What do you grow in your garden?

Discussion in 'Gardening' started by Kolijah, Jan 6, 2015.

  1. Kolijah

    Kolijah Out Of The Brooder

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    Garden time is my favorite time of year! I love to get home from work and run straight out to the garden to see what grew and rescue my potatoes from the little potato bugs (it's a daily ritual... come home from work, grab my little can, and pick all the potato bugs off my plants).

    What do you grow in your garden? Anything you'd never grow again or will always grow? For me it's the potatoes... can't believe I'd never grown potatoes before. They're AWESOME! And we made it a family activity come digging time... everyone went barefoot and sat down in the dirt and dug up potatoes.

    Last year I did kennebec potatoes, broccoli, green bell pepper, hot hungarian wax peppers, habanero peppers, tomatoes (big boys), pop corn, sweet yellow corn, silver queen corn, yellow zucchini, green zucchini, cucumbers and green beans. There was also a row of marigolds at the front of the garden and a row of sunflowers at the back of the garden.

    Still deciding on the garden for this year...




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  2. chicmom

    chicmom Dances with Chickens

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    Hello there!

    I love all your pics and I also love gardening. I keep a small flock of chickens and my husband and I are also beekeepers. So glad you posted here!

    I plant a garden each year. I've been successful with sweet corn, peas, cucumbers and green beans. I have really bad, hard soil that is full of clay, so each year I add some bull compost to it, and the soil is gradually improving. I also use miracle grow.

    Last year, I changed my vegetable garden into a flower garden, with about 1/4 of the garden being a strawberry patch. It's done very well. I tried to plant flowers that really attracted honeybees and butterflies. I also put a nice bird bath in there so the bees would have a water source. The garden was just stunning! It did look a bit wild though, because I threw a honey bee flower seed mixure in it and I had flowers grow that were taller than I was. I'll have to upload some pics but I'm not the most computer saavy person.

    This year I may change my garden again. There are bulbs for spring--tulips, daffodils and crocus, and a few others that I forget the names of, and then I still have the strawberries, and there are perennials, like a blue fountain clematis, mint, daylillies, pink sedum, coneflowers of several colors, Russian sage, Veronica Speedwell, a few butterfly bushes, a few types of coreopsis....Gosh, I can't think of everything! I may move some of the flowers to different locations so that I can put some more vegetables in there. I'm just not sure. LOL

    Oh, I also have two exotic birds in the house, a Rosey Bourke (picture a little pink parakeet), and a Lutino Indian Ring Neck (picture a HUGE bright yellow parakeet with a red beak). I have two dogs too, a little mutt Gigi, and Fionna, who is an Irish Terrier.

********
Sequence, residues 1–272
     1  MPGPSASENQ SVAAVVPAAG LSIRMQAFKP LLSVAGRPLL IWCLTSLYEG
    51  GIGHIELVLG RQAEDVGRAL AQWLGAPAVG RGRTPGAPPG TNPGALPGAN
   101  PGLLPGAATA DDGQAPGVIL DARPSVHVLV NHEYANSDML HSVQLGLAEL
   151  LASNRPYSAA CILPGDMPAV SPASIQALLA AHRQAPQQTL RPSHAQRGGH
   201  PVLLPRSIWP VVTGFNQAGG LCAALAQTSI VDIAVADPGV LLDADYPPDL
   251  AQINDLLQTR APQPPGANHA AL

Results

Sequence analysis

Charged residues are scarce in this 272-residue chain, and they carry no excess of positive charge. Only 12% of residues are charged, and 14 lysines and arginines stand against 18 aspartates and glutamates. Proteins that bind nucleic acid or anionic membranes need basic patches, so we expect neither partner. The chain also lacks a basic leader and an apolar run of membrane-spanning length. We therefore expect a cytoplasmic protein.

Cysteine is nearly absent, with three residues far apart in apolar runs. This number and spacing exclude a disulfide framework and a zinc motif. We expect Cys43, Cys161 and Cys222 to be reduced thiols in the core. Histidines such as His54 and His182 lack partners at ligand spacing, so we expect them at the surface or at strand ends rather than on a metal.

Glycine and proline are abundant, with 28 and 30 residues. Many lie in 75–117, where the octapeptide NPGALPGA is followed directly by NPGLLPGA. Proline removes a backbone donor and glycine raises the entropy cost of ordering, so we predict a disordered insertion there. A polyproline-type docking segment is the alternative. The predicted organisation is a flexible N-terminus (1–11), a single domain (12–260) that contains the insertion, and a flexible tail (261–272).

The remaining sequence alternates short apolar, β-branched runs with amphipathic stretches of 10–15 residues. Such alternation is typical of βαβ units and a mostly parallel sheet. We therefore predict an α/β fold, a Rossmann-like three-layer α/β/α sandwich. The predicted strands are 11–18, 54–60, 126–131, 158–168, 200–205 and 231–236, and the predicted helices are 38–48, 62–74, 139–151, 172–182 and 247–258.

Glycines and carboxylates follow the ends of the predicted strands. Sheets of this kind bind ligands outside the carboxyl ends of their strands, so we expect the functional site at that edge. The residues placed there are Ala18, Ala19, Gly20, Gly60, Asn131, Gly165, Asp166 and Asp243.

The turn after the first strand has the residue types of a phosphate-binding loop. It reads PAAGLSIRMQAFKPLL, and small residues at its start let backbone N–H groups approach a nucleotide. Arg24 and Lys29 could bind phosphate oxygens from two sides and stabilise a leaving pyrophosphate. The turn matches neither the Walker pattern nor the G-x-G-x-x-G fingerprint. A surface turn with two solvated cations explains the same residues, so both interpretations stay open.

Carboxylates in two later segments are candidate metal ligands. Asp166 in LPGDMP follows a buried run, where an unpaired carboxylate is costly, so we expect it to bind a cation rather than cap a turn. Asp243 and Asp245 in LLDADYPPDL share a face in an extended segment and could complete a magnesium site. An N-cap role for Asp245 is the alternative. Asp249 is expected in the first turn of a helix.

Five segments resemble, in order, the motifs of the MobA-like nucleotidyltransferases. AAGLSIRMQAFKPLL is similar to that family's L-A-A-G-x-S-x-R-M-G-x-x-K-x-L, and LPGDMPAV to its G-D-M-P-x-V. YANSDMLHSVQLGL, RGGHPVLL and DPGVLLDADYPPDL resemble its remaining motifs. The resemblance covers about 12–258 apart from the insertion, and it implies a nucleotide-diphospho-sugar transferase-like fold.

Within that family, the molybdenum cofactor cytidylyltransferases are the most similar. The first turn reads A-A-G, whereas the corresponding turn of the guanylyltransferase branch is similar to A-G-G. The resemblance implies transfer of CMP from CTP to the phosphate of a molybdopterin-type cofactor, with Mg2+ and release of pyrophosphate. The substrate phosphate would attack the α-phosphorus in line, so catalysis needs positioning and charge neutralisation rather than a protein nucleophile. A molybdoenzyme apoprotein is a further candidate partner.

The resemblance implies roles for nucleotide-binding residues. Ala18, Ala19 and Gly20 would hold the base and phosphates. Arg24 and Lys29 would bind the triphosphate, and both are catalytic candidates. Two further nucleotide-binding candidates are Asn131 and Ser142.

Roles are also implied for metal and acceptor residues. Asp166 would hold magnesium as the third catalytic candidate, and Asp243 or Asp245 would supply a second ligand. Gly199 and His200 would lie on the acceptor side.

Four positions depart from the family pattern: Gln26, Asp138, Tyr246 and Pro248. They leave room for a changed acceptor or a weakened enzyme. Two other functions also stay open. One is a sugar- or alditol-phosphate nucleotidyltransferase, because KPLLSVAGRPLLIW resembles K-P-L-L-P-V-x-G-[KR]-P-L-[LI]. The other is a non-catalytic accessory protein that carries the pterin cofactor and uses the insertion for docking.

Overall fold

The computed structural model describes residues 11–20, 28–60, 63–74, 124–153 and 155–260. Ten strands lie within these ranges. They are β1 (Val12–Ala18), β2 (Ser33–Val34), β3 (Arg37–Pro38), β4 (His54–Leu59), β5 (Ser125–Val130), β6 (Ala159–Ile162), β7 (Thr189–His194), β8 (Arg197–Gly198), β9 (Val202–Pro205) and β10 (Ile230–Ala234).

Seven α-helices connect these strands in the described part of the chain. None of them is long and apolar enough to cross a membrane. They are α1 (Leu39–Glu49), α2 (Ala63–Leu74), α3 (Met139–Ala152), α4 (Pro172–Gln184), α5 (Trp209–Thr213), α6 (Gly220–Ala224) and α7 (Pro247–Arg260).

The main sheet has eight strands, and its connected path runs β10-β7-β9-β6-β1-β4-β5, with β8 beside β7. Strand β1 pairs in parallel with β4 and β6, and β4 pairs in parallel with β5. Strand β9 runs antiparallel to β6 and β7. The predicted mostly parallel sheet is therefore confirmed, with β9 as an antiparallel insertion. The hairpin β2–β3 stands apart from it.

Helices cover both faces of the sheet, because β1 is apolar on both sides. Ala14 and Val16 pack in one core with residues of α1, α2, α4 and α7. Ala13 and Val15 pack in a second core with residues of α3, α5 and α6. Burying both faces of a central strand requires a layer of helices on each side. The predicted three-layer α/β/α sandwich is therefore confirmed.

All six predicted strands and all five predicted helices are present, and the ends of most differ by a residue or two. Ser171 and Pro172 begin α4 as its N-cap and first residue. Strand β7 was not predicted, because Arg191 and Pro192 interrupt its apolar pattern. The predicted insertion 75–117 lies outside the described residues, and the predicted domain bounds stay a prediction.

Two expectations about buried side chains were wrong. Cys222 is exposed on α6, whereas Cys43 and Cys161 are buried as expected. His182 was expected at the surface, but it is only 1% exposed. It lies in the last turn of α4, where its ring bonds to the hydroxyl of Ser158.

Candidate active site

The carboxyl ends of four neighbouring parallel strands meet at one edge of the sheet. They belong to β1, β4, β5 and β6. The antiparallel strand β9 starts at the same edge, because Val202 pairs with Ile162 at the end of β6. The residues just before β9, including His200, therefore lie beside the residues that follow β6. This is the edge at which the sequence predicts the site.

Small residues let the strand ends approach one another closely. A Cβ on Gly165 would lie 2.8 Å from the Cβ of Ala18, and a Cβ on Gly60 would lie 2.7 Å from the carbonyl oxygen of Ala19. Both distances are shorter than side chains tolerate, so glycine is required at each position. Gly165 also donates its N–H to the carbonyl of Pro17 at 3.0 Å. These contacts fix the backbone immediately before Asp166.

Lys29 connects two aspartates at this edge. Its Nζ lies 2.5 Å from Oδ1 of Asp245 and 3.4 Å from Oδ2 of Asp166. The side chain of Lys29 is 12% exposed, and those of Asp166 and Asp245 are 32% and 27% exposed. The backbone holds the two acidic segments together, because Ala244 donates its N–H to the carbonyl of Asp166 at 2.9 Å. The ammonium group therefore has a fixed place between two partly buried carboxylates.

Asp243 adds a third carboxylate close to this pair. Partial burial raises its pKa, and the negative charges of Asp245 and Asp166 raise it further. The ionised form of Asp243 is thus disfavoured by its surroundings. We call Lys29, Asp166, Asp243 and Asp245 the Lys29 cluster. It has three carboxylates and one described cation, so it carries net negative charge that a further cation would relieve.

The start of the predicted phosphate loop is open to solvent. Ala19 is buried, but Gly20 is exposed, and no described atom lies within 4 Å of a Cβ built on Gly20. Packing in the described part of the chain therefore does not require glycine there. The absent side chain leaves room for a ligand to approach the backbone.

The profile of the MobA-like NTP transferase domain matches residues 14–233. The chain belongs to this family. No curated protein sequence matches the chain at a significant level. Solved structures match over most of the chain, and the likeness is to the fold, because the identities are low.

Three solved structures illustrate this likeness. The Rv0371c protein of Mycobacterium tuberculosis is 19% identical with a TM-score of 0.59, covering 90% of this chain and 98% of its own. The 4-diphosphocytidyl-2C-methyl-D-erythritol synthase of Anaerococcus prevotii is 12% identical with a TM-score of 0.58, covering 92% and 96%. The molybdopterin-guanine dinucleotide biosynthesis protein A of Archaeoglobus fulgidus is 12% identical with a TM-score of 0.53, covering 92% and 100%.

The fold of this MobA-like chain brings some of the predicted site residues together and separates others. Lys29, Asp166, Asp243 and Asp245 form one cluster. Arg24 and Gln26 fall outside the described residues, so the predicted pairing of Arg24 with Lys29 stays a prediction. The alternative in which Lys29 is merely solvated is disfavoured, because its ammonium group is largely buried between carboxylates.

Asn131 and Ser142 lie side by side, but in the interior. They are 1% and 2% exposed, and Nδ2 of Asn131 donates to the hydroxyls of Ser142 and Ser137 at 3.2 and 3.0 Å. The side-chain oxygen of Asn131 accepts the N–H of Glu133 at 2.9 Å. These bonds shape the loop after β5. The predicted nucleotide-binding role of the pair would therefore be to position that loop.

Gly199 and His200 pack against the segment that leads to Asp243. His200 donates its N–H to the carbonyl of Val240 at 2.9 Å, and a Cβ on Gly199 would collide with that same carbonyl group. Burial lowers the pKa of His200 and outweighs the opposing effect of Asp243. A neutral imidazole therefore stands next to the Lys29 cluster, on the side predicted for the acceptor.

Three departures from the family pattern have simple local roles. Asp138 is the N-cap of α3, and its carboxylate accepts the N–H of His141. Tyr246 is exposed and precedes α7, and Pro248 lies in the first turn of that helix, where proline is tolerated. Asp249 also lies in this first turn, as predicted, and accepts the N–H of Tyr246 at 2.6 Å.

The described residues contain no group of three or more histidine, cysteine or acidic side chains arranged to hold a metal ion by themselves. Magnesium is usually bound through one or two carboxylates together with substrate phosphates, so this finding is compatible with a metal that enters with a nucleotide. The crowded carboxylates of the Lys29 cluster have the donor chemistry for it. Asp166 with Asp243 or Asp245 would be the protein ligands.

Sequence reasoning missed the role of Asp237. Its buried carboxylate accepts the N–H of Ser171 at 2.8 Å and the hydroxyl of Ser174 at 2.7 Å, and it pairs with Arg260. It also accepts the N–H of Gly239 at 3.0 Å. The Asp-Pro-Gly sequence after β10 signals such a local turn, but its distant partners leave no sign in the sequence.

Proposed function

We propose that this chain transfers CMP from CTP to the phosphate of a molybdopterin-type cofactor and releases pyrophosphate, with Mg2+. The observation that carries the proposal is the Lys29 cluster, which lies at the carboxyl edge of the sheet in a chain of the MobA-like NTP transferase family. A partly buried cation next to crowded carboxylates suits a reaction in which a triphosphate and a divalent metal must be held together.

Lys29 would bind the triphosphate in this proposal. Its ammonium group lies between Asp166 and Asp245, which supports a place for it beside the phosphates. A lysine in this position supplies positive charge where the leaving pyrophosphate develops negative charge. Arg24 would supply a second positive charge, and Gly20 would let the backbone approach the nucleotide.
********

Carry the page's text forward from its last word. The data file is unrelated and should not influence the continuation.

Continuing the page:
Nice to meet you and we should keep in touch! Looks like you must have great soil! I'd LOVE to grow potatoes. Tried once and failed......

    Sharon
     
  3. chicmom

    chicmom Dances with Chickens

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    OH, and I love you sunflower pics. I grow them each year!
     
  4. Kolijah

    Kolijah Out Of The Brooder

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    Bee keeping would be interesting! Do you do it to sell the honey or just personal uses?


    I've never tried growing peas before! Thanks for the idea! I don't think I'll ever not grow potatoes now. Did it for the first time this year and I'm hooked! I'm terrible with flowers. :( My sunflowers and marigolds are the only ones I ever try to go since they're pretty hard to kill lol!

    Your birds sound beautiful! I've got three kitties in the house- so we have a general rule of no house pets the kitties could eat... because my guys like to think their little wild cats. But I do have three dogs as well! A long haired weimaraner (Silas), an English Pointer (Jericho), and an Australian Cattledog mix (Duke). We certainly should keep in touch! I love meeting new people. :)

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  5. lazy gardener

    lazy gardener Chicken Obsessed

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    Awww! Puppies! I've been dogless for over 10 years now. For easy flowers, absolute must have's in every vegetable garden, try calendula, and nasturtiums.
     
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  6. nayeli

    nayeli Chillin' With My Peeps

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    I have a brown thumb but the plan this year is to use the worm castings (I started vermicomposting last year), and some free compost from our city to create raised garden beds. The plants I really want to grow are: peas, carrots, bell peppers, pepperocini's, tomatoes (a few different varities), romaine lettuce, cucumbers, strawberries, raspberries, blueberries, cantelope, and green beans. I'd like to do some fall plants too like pumpkin and squash and at least two fruit trees (apple and cherry)!
     
  7. Rosa moschata

    Rosa moschata Chillin' With My Peeps

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    I live in a city, and I share the yard, so I can't be doing much in the way of veggies. My garden is fairly new (started putting it together in 2013) and purely ornamental. I started with 80 own-root band-sized roses, about 2/3 of which are antiques. In 2014 I added companion perennials, and clematis to fit accompany the roses climbing the side fence.

    It's been an interesting endeavor, being as the yard (and soil) here were in such poor condition. In the Summer of 2013, while the baby roses were growing-on in their new pots filled with my own soil mix, I severely cut back an overgrown Callery pear to bring in more sun, and sawed its limbs into logs, which I used to build the edging for the raised beds. Cardboard was laid out over the grassy weeds, and that was topped with snipped up leaves and twigs from the tree. Then in October everything was covered with about 6" of composted mulch -- 15 cubic yards were delivered, taking me three days to spread out.